On idealism, realism, and my students’ futures.
There are a lot of great things about teaching the English Studies Senior Capstone, chief among them the opportunity to read senior portfolios and be reinforced in my sense of the diversity and impressiveness of our English Majors. But as I wrote in that linked post, the Capstone (at least as I teach it) is just as much about the future as about the past, about where the students might go next and how the course and community and I can help them move forward toward those possible futures. We do various practical work in that regard, drafting resumes and cover letters and grad application personal statements and the like, and that feels meaningful and productive. But I have to admit that I end this semester no surer than I was in that post that I’ve addressed their broader worries or concerns about the future.
If anything, I would say that many of our discussions, prompted by the particular readings I had chosen, led precisely to at best realistic (and at worst pessimistic) engagements with the difficulties of making a career as a professional writer (Zinsser’s On Writing Well), a creative writer (King’s On Writing), or a teacher (Ravitch’s The Death and Life of the Great American School System). It’d be crazy of me to try to discourage such realism, or to pretend that any of those careers, or any of the related ones that my students are considering—or, frankly, any others right now—don’t entail substantial uncertainties and challenges and pitfalls and obstacles. I can and did suggest all the different ways I think they can maximize their materials and chances, can take positive steps, can take what control is possible of their own futures. But again, those positives were often not the focus of our discussions—and it’s impossible for me to blame them for their worries.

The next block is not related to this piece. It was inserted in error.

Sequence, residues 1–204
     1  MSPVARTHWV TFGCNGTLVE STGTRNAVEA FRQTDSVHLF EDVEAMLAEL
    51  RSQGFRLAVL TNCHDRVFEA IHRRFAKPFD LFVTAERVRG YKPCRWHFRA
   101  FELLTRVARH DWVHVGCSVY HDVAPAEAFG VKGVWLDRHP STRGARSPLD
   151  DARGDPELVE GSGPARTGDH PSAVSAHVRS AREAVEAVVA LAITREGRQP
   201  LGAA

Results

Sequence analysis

So how to reconcile my idealism about my students and their voices and work with this realism about the world into which they’re moving? Truth be told, I don’t know. I have a lot of faith in them, but not a lot of faith in that world right now, particularly not when it comes to the idea of good things happening to good people. Teaching Capstone has, ironically, amplified both feelings—I’ve never felt better about this community of young Americans, specific to Fitchburg State but also in general, than I do; but I’ve also never been less certain about what they have in front of them (and, I’ll admit, what my sons have in front of them in another decade or so). I wish it felt as if my generation was doing more to make that world better for these subsequent generations—but I guess one place I feel I am doing my part is in the classroom, helping prepare these communities for their opportunity to do their part.
Final semester conclusion tomorrow,
PS. What do you think?
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